The International Criminal Court (ICC) opened a war crimes investigation on Wednesday night after Britain and 37 allies referred Moscow over what Prime Minister Boris Johnson described as “abhorrent” attacks.

Justice Secretary Dominic Raab, who has worked on prosecuting war crimes as a lawyer, has said the UK will assist the ICC in hunting down suspected Russian war criminals.

Mr Hinds told LBC there is “every indication Vladimir Putin is absolutely guilty” of war crimes.

“But it is also really important that not only he, but the generals, the officers in his army, know that evidence is being gathered and that people can be held to account through the international justice system,” he said.

On Thursday, the International Paralympic Committee reversed its original decision and decided to ban Russian and Belarusian athletes from the Beijing Winter Paralympics.

IPC president Andrew Parsons said 83 athletes will now be unable to compete and the decision was taken because of the threat of widespread withdrawals from other countries if Russia and Belarus were allowed to take part.

Private companies have also continued to pull their services from Russia, with clothing retailer Asos refusing to operate in the country.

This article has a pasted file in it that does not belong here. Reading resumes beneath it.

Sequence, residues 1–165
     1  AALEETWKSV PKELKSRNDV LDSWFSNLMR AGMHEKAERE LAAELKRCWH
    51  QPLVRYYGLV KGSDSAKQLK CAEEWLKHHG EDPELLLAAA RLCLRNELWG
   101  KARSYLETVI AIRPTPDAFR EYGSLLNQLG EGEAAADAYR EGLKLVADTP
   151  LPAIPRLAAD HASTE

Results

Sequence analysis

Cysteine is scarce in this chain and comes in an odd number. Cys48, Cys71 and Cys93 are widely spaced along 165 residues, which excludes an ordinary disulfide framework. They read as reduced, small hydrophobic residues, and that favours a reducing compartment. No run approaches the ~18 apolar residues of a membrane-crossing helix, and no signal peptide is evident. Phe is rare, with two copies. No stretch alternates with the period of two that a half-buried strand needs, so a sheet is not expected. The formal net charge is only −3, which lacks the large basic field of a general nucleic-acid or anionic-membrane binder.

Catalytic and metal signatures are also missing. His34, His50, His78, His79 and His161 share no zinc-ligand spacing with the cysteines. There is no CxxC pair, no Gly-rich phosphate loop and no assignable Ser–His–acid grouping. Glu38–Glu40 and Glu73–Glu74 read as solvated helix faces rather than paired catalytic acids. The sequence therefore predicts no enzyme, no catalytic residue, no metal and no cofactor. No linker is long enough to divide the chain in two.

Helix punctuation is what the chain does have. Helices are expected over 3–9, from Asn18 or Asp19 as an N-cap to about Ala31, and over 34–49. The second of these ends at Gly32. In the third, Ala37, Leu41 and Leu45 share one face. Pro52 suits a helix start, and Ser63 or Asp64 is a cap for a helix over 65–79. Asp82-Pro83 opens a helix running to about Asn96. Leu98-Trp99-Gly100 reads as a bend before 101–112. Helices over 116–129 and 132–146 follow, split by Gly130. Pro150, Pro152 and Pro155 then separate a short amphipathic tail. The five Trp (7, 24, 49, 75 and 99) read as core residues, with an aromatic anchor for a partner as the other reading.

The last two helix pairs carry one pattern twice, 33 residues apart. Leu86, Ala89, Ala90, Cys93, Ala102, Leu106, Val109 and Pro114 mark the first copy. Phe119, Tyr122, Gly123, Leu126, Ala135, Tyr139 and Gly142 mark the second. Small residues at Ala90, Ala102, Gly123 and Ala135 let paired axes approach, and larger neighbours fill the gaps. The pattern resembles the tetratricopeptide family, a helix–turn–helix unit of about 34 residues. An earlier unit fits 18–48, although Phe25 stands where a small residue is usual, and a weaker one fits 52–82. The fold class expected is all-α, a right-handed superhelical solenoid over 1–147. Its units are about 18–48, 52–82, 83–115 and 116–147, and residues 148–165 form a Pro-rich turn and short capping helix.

(PA Graphics)

Mr Hinds said more individuals will be sanctioned by the UK and appeared to suggest the UK could seize assets of Russian oligarchs.

The minister was told on LBC that German authorities have seized Alisher Usmanov’s yacht, and he was asked whether similar action on elite Russians should be taken in Britain.

Mr Hinds said: “Yeah, and, look, we are going to go further.

“We’ve acted very quickly on the initial round of sanctions – that includes individuals as well as organisations, banks and so on – but we’ve always been clear it is a ratchet approach and there can be more to come.

“Specifically on assets, we’ve got legislation going through Parliament at the moment – we’re debating it on Monday – to include bolstering unexplained wealth orders, which are a potentially potent tool that can open investigations to lead to the proceeds of crime being seized.

(PA Graphics)

“We need to gum up that system, we need to stop it, to stop the money laundering, but also, as you rightly say, where it is possible – and obviously we operate within a legal framework – we are absolutely motivated to seize the proceeds of crime.”

Mr Hinds said he is “desperately concerned” about the situation in Ukraine, as the port city of Kherson had fallen to the Russians, according to its mayor.

“This is a ruthless invading force. When it comes to tactics and military strategy, I’m not going to second-guess Vladimir Putin and what he might be thinking, what might be in his head,” the minister said.

“But we do know that this is a ruthless force, an extremely dangerous (force), obviously imminently right now for Ukraine, but actually dangerous for wider Europe and the world.”

A second round of talks aimed at ending the fighting is expected to take place between Ukraine and Russia on Thursday, but there is little hope of agreement.